APOD: To Fly Free in Space (2020 Feb 09)

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APOD: To Fly Free in Space (2020 Feb 09)

Post by APOD Robot » Sun Feb 09, 2020 5:06 am

Image To Fly Free in Space

Explanation: What would it be like to fly free in space? At about 100 meters from the cargo bay of the space shuttle Challenger, Bruce McCandless II was living the dream -- floating farther out than anyone had ever been before. Guided by a Manned Maneuvering Unit (MMU), astronaut McCandless, pictured, was floating free in space. McCandless and fellow NASA astronaut Robert Stewart were the first to experience such an "untethered space walk" during Space Shuttle mission 41-B in 1984. The MMU worked by shooting jets of nitrogen and was used to help deploy and retrieve satellites. With a mass over 140 kilograms, an MMU is heavy on Earth, but, like everything, is weightless when drifting in orbit. The MMU was later replaced with the SAFER backpack propulsion unit.

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Re: APOD: To Fly Free in Space (2020 Feb 09)

Post by Ann » Sun Feb 09, 2020 6:39 am

As a color commentator, I wonder about the (changing?) color of the Earth's atmosphere from space. The picture that is today's APOD was taken in 1984, and the Earth looks very blue. But in December 2014, when ISS filmed the Earth from space, the sky had taken on a very different color.

The blue skies of Earth as seen from space in 1984. Image credit: NASA, STS-41B
The green skies of Earth as seen from space in 2014. Photo: ESA/NASA.


















An even more interesting ISS image is actually the one at left. The Earth's sky is seen to be a shade of murky green, overlaid with a brilliant thin line of vivid green. Above the green atmosphere of the Earth, many bluish stars pierce the blackness like pale sapphires.

What has changed? Why does the Earth's (night) sky so often look green these days? Is the color just a consequence of new ways of photographing the atmosphere?

Ann
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EricX

Re: APOD: To Fly Free in Space (2020 Feb 09)

Post by EricX » Sun Feb 09, 2020 12:01 pm

Hi Ann!
The green tint to the atmosphere is called “airglow” and it’s always there as far as I know. It’s caused by various interactions with the solar wind and cosmic rays (I’m probably butchering this explanation :oops: ). I’ll just copy and paste...

“ The night-time emission of green light, with a wavelength of 557.7 nanometres, was detected in the Earth’s upper atmosphere more than a century ago. Most researchers believed that the light comes from oxygen atoms in the ionosphere. The idea was that during the day, oxygen molecules are ionised by ultraviolet light from the Sun to form O2+ ions. When these ions recombine with electrons at night, they create unstable molecules which split into energetic atoms. These can emit energy as a green glow.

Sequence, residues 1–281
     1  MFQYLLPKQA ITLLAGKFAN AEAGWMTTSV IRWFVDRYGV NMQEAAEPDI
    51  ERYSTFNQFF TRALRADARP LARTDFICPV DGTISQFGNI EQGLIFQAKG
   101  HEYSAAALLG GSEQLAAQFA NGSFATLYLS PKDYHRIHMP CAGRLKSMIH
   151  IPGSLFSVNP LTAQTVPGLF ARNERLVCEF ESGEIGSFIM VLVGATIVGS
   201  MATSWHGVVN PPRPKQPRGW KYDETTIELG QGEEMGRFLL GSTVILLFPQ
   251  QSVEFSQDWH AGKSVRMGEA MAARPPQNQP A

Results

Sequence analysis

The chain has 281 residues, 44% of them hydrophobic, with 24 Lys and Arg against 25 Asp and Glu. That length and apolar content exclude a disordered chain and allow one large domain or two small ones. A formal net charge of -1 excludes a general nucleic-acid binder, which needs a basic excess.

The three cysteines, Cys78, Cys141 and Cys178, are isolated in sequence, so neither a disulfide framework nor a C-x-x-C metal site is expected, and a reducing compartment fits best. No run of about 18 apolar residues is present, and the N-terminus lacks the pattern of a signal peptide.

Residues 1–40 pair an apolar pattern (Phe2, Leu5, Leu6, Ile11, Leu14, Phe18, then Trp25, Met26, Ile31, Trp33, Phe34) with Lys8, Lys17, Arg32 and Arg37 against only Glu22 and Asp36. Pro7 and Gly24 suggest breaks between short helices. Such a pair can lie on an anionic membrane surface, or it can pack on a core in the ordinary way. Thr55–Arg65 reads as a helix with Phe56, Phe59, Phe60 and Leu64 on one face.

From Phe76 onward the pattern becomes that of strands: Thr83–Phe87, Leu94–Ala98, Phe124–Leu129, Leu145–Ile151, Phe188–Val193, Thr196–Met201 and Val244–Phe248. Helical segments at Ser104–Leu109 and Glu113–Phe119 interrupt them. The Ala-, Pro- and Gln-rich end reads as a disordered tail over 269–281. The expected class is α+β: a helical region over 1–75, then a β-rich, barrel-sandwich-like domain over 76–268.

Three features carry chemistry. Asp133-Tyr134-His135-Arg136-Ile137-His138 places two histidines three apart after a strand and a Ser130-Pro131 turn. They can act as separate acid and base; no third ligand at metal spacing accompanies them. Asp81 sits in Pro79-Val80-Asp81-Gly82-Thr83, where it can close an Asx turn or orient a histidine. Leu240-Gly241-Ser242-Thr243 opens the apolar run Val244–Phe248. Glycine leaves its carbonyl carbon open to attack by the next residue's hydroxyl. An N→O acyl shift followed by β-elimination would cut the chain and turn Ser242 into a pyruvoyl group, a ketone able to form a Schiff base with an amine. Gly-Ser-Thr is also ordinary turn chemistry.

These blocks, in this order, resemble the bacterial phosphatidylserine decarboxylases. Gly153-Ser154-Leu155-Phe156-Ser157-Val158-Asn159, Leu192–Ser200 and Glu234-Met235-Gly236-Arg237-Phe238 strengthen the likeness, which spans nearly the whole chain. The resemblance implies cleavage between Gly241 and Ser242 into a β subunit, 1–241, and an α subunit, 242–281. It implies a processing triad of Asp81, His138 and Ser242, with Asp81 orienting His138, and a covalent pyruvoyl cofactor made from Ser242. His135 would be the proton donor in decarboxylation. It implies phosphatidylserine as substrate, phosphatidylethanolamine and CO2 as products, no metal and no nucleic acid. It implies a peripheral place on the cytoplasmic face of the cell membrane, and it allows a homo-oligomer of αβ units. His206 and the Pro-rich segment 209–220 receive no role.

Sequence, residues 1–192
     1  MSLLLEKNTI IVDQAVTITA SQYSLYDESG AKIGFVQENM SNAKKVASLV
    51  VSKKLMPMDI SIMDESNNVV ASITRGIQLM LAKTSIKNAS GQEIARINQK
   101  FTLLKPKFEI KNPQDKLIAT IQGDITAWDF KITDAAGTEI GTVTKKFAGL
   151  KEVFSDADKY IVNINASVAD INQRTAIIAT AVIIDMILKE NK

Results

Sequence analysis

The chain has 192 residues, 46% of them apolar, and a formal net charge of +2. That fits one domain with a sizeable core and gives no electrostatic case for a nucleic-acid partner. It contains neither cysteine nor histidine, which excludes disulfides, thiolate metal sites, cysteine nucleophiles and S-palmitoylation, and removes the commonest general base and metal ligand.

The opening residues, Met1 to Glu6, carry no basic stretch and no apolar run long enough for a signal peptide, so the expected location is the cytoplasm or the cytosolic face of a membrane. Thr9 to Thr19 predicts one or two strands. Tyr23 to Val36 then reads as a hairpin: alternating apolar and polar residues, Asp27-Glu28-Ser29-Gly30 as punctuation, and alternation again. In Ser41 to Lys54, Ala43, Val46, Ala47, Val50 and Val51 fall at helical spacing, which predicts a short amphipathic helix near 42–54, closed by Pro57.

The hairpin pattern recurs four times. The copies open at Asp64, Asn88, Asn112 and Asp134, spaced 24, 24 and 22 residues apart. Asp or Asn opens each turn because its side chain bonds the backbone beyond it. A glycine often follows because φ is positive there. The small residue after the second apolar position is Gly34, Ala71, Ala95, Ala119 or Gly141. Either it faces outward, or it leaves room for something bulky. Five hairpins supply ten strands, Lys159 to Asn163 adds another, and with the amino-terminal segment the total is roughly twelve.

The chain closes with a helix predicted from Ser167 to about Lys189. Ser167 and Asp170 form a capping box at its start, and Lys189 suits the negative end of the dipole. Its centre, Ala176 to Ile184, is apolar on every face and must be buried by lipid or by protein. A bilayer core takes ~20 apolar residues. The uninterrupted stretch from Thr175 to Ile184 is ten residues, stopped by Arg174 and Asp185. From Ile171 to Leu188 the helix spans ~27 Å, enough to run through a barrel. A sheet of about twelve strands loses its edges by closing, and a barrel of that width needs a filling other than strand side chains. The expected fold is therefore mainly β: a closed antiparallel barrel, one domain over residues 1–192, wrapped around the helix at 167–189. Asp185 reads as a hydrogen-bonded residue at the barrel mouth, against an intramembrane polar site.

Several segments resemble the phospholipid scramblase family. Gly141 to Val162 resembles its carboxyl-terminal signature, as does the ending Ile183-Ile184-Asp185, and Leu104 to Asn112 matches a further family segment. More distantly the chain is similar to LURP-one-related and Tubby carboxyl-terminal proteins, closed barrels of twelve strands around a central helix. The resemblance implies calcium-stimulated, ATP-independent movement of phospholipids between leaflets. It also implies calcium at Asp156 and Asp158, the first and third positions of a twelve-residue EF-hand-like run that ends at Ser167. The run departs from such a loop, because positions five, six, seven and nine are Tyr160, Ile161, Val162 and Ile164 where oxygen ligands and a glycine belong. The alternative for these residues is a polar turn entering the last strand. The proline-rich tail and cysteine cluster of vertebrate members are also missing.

Read more: https://www.newscientist.com/article/mg ... z6DSODADre

Cheers!

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Re: APOD: To Fly Free in Space (2020 Feb 09)

Post by neufer » Sun Feb 09, 2020 1:23 pm

EricX wrote:
Sun Feb 09, 2020 12:01 pm

The green tint to the atmosphere is called “airglow” and it’s always there as far as I know.

“ The night-time emission of green light, with a wavelength of 557.7 nanometres, was detected in the Earth’s upper atmosphere more than a century ago. Most researchers believed that the light comes from oxygen atoms in the ionosphere. The idea was that during the day, oxygen molecules are ionised by ultraviolet light from the Sun to form O2+ ions. When these ions recombine with electrons at night, they create unstable molecules which split into energetic atoms. These can emit energy as a green glow.

Read more: https://www.newscientist.com/article/mg ... z6DSODADre
https://en.wikipedia.org/wiki/Airglow wrote: <<The airglow phenomenon was first identified in 1868 by Swedish physicist Anders Ångström. Airglow is caused by various processes in the upper atmosphere of Earth, such as the recombination of atoms which were photoionized by the Sun during the day, luminescence caused by cosmic rays striking the upper atmosphere, and chemiluminescence caused mainly by oxygen and nitrogen reacting with hydroxyl free radicals at heights of a few hundred kilometres. It is not noticeable during the daytime due to the glare and scattering of sunlight.

Even at the best ground-based observatories, airglow limits the photosensitivity of optical telescopes. Partly for this reason, space telescopes like Hubble can observe much fainter objects than current ground-based telescopes at visible wavelengths.

Airglow at night may be bright enough for a ground observer to notice and appears generally bluish. Although airglow emission is fairly uniform across the atmosphere, it appears brightest at about 10° above the observer's horizon, since the lower one looks, the greater the depth of atmosphere one is looking through. Very low down, however, atmospheric extinction reduces the apparent brightness of the airglow.